C5 Landscape Database API 2.0
New Features in version 2.0:
- Virtual Hikers
- Support for GPS data such as track logs and waypoints
- Ability to image GPS data onto dem data
- Java3d support
- Ability to read land use data (CTG files)
- New analytic capabilities for landscape searching
Various Virtual Hiker Algorithms traverse Moonlight Canyon in the Anza Borrego Desert of Califorina
GPS Tracklogs and Waypoints rendered on UTM map image with the 2.0 API
Version 2.0 of the API has been supported by UCSD, CALIT2, The Center for Research in Computing and
the Arts, and the San Diego Super Computing Center. It includes contributions from Angela Chen, Caroline
McLaughlin, and Brandon Stow.
Version 1.0.3 features:
- DEM input packages
- RDBMS packages for DEM data
- Support for processing DEM data dynamically
- Analytic table support for landscape searching
- Simple GUI (demtool) for viewing DEMs
- Support for data export and management
Version 1.0.3 was exhibited in Fair Assembly: Making Things Public, Online project at the Zentrum für
Kunst und Medientechnologie (The Center for Art and Media Technology), Karlsruhe, Germany,
March 18th 2K5, Curator: Steve Deitz.
(Statistical map image produced with C5 Landscape Database API, verson 1.0.3)
View the javadoc documentation
(Scroll Down for Download)
Overview of C5 Landscape Database API 2.0
The C5 Landscape Database API 2.0 began as a
Digital Elevation Model browser and data export tool, (DEM Tool), written in java.
Now a part of the C5 Landscape Database API packages, the C5 DEM Tool is still useful
for browsing a collection DEM files via a simple graphical user interface. But since
the original release of the Dem Tool utility and related classes in 2002, the library
of related Java packages have grown and were significantly reorganized. The mission of
the API also drifted as C5 theorized the relationships between landscape data and art
practice and began implementing software mediated performances in the landscape, all
of which led us to theorize more, rewrite the software, and perform yet more experiments
in the landscape. Now merged with the capabilities of a number of C5 Perl modules (which
were retired after being ported to java in 2005), the software has evolved into a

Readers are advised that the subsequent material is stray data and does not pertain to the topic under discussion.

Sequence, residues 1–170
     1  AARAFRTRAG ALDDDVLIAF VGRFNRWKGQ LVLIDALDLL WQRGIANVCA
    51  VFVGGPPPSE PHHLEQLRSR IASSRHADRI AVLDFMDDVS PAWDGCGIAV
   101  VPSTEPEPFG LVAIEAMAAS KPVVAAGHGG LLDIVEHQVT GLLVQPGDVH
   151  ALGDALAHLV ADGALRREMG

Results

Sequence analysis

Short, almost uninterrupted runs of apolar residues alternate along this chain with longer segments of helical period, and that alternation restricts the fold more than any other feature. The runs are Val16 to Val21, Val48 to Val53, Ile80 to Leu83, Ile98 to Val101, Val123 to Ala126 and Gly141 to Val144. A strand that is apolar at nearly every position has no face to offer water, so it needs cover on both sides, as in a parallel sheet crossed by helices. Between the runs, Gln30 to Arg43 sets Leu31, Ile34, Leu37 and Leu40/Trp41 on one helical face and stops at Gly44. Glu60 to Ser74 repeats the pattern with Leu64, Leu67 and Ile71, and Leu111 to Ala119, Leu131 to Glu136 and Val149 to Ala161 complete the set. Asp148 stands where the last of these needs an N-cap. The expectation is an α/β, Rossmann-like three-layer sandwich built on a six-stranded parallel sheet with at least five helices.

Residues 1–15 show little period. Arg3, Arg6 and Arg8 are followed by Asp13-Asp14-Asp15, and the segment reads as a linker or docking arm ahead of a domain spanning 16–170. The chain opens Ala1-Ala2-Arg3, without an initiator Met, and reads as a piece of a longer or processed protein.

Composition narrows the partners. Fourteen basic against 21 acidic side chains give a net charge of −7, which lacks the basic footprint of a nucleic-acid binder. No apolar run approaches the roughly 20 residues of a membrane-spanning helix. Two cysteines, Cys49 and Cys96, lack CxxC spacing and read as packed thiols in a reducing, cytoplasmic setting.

robust platform for data mediated practice in the landscape, through much experimentation
and performance during the course of developing the C5 Landscape Initiative Projects.
For example, The Other Path (2004 and ongoing). See also
Deitz, Steve, The Path More or Less Taken,
Written in Java, C5 Landscape Database runs on UNIX variants and Windows systems with Java 1.5
(Java 2), or any other system for which Java 2 is implemented.
C5 research into GIS and GPS (the Global
Positioning System) combines our interest in self-organization, social networks, and surveillance with
our expertise in knowledge engineering, data visualization, autopoietic theory, mingling theory,
database, and tactical/collaborative/situational systems and analysis. C5 seeks to redefine the
application of GIS by creating leading edge software tools with practical applications in conceptual
art and tertiary exploration (coming after initial exploration, and after being modeled as data)
of the face of the Earth. C5 has a keen interest in the areas of outdoor recreation
and land use such as hunting, fishing, performance art, OHV use, land art, and team/collaborative
activities including a wide range of sporting events such as cycling and endurance racing.
C5 has been deploying projects, performances and software enabling interaction with DEM data
and GPS technology for training and performance art, which have feed back onto the software,
interaction with DEM data, and applications GPS technology for training and performance art.
The C5 Landscape Database API is an auxiliary effort in support of this project.
View the javadoc documentation
Download Landscape Database
C5 Landscape Database API 1.0.3 has only been tested for use with Digital Elevation model files released by the USGS after Oct 14, 2001.
C5 Landscape Database API 2.0 has not been tested on any DEM files with planimetric systems other than UTM, or on any file using arc seconds as a unit of measurement.
All test DEM files were converted from SDTS by sdts2dem.